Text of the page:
Wyoming Rescue Mission executive director requests state funding for homeless shelter in Fremont County

    The executive director of the Wyoming Rescue Mission in Casper issued a challenge to state legislators last week, asking them to help fund a shelter for the unhoused in Fremont County.

    “(There are) some pretty drastic needs there,” Brad Hopkins told the Joint Judiciary Committee during a meeting last week in Douglas. “We’re still trying to learn what’s going on.”

    Numbers up

    The number of Fremont County residents utilizing the Rescue Mission in Casper has more than doubled this year, Hopkins said, increasing from about 13 per month to “in excess of 30-plus the last four months,” including “a lot of single moms and kids connected to the (Wind River) Reservation.”

    The Rescue Mission has been working with residents in Fremont County who are interested in starting their own homeless shelter, Hopkins said, and he would “sure love the committee to figure out how to seed-fund a half-million dollars for that group to leverage and spring things forward.”


    “A shelter in Riverton is not a cure-all, (but) it’s a step,” he said. “Help us get a small homeless shelter started in Riverton.”

    Tribal effort

    Later in the meeting, former legislator Pat Sweeney referred to another effort being spearheaded by the Northern Arapaho Tribe to provide shelter for the unhoused in Fremont County.

    “I think their goal is to try to find a way to do something on the reservation and near their clinic,” he said. “That may help.”

    Wyoming’s Northern Arapaho Tribal liaison Anita Roman mentioned the housing effort during this week’s meeting of the Select Committee on Tribal Relations, explaining that the Northern Arapaho Business Council had asked her to do some research on the topic before participating in a tour of shelter facilities throughout the state – including in Gillette and at the WRM in Casper.


    “In those tours we were able to … look at needs, costs, scopes, what the intake process looks like, (and) really what the cost would look like to have one of those facilities here on the reservation,” she said. “It was just a really awesome process, and it was really important (for) the council to be able to understand and see the scope. …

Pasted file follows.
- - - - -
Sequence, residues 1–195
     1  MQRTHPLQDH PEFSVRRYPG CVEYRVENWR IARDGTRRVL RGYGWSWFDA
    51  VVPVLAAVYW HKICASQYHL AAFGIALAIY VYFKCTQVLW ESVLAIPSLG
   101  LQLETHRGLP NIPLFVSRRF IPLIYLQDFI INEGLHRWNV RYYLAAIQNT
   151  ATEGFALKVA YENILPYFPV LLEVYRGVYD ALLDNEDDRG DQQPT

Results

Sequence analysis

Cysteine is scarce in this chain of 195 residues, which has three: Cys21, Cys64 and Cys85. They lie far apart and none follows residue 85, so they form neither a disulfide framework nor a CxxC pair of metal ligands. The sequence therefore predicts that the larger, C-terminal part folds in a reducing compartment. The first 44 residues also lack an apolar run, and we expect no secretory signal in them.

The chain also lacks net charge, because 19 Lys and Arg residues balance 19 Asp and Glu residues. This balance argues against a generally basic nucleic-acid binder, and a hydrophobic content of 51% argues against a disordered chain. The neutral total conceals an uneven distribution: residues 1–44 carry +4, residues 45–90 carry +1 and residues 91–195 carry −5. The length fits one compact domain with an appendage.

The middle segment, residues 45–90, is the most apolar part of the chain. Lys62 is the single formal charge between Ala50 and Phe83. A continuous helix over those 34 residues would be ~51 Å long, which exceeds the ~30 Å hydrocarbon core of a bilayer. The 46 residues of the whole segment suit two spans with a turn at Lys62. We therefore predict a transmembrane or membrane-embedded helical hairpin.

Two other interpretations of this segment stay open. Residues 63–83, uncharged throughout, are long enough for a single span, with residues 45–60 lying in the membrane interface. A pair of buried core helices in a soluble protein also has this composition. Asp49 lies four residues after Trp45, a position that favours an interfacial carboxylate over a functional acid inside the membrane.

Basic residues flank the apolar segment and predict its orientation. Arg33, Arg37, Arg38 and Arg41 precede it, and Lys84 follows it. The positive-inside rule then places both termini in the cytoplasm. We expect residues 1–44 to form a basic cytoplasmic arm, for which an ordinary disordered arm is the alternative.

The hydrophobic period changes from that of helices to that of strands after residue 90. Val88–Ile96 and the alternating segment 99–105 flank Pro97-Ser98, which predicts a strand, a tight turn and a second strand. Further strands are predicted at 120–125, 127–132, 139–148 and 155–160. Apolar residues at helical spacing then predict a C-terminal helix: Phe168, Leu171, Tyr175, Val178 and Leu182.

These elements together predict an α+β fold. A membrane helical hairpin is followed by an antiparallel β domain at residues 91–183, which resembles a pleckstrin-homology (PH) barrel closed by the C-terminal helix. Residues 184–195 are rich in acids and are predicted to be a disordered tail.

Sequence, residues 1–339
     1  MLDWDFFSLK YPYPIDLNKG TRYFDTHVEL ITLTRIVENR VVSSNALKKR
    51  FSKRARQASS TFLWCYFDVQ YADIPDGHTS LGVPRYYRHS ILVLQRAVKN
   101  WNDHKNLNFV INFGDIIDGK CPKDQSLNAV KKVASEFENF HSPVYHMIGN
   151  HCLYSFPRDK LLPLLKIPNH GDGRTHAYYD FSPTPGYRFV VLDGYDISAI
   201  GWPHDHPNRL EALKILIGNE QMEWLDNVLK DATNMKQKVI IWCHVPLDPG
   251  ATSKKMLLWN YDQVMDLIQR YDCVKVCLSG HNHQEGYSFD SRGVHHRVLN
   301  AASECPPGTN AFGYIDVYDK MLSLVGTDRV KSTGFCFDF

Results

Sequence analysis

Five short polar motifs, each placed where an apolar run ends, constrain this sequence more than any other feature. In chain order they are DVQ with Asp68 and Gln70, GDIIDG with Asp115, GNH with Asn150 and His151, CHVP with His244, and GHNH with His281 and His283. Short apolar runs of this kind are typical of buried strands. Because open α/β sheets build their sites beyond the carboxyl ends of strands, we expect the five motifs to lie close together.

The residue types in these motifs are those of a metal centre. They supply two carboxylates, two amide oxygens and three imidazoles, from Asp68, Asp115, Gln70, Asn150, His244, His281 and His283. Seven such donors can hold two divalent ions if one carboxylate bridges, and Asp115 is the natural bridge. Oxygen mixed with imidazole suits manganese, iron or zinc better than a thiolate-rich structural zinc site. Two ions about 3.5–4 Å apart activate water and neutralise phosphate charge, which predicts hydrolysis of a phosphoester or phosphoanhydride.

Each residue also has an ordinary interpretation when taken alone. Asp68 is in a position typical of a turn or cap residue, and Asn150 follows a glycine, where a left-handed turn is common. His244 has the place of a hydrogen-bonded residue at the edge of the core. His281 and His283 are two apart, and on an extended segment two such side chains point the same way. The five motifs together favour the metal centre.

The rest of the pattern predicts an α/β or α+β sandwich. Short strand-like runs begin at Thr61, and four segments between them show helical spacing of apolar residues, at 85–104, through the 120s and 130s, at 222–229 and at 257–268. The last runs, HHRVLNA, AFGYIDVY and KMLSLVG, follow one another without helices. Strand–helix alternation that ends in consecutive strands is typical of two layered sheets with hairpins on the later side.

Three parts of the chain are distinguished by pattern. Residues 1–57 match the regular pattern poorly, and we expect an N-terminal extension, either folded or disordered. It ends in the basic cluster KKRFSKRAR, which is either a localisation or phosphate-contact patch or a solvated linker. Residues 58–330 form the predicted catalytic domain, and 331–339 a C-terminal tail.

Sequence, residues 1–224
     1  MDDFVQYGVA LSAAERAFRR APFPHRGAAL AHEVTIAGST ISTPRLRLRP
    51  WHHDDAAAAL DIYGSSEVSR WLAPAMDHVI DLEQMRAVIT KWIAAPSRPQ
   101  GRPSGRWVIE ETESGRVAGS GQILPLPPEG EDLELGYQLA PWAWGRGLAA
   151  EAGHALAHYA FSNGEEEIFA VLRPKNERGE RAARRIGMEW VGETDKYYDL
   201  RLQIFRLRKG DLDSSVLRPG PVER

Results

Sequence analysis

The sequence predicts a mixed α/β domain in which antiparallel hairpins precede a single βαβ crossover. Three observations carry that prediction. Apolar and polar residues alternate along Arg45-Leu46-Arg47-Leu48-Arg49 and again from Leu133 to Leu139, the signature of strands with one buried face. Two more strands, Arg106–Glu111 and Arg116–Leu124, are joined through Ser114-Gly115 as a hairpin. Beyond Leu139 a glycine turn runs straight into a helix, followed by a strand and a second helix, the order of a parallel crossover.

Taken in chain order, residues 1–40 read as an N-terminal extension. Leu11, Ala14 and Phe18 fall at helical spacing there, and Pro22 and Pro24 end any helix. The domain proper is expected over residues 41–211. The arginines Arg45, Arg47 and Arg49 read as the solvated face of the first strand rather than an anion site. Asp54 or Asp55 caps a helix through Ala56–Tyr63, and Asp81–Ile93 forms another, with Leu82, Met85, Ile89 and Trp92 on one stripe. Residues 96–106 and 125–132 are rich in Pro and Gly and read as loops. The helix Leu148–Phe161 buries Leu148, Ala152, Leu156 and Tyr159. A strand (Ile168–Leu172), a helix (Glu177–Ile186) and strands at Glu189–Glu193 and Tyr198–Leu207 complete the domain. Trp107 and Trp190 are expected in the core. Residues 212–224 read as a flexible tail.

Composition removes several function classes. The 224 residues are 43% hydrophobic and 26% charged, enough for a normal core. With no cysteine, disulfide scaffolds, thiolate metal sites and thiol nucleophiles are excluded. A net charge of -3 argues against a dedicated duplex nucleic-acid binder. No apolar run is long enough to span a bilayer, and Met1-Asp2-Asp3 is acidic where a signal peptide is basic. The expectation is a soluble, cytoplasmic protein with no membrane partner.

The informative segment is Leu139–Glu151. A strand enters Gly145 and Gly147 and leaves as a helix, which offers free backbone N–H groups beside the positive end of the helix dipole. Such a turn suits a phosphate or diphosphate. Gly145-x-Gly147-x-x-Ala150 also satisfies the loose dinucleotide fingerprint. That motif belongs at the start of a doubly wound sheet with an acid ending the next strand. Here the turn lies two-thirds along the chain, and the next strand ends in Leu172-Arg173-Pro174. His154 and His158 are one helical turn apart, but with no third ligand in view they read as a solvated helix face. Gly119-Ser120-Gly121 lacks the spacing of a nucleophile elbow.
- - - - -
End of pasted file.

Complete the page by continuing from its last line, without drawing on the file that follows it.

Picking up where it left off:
“I think they’re going to be moving forward with something as soon as possible, because we are getting into the cold months.”

    Northern Arapaho Tribal Housing recently built 20 new homes on the reservation, Roman noted, but an estimate from October showed a need for 400 more, “just (on) the Northern Arapaho side.”


    “That’s a lot of under-housing,” she said.

    ‘Nobody fesses up’

    Wyoming Sen. Cale Case, R-Lander, took the opportunity during last week’s Judiciary Committee meeting to follow up on a recent report that a busload of unhoused individuals had been sent to Casper from Fremont County.

    “I’m still trying to get to the bottom (that),” he said. “Nobody at home knows anything about it, (and) nobody fesses up. … It’s kind of crazy.”


    He didn’t get any answers during last week’s meeting, either.

    Wyoming Rep. Ember Oakley, R-Riverton, added to the conversation by questioning the use of the word “homeless” to describe unhoused individuals in Fremont County who “have a home (but) don’t want to go there because there’s not alcohol.”

    Rules barring alcohol consumption also keep those individuals from utilizing the local support programs that are available, she noted.

    “Just doing a sober living in Riverton, nobody wants to go there,” she said. “(So) just putting it under the heading of … ‘homeless’ and poverty and that doesn’t actually catch the problem.”

    Hopkins estimated that up to 40 percent of clients at the WRM “are homeless directly due to addiction,” calling it an “astronomical problem” – but he also pointed to “tremendous downward pressure right now, economically, on the poor.”

    “Look at the census data,” he said. “Ten percent of our state’s population qualifies as impoverished. (There are) a lot of issues with our economy and our dollars going less far right now.”

    ‘Pay attention’

    The Judiciary Committee didn’t take any action on the topic of homelessness last week, but Wyoming Sen. Bill Landen, R-Casper, said legislators should “pay attention to this” in the “long-term.”

    “Every other state is receiving populations that need a desperate amount of help,” he said. “If we think we’re not going to get them here in our state, (we’re) just not facing reality. …

    “It’s coming. Everything I read says that we face a potential avalanche of populations that frankly need every bit of help that we can give them.”


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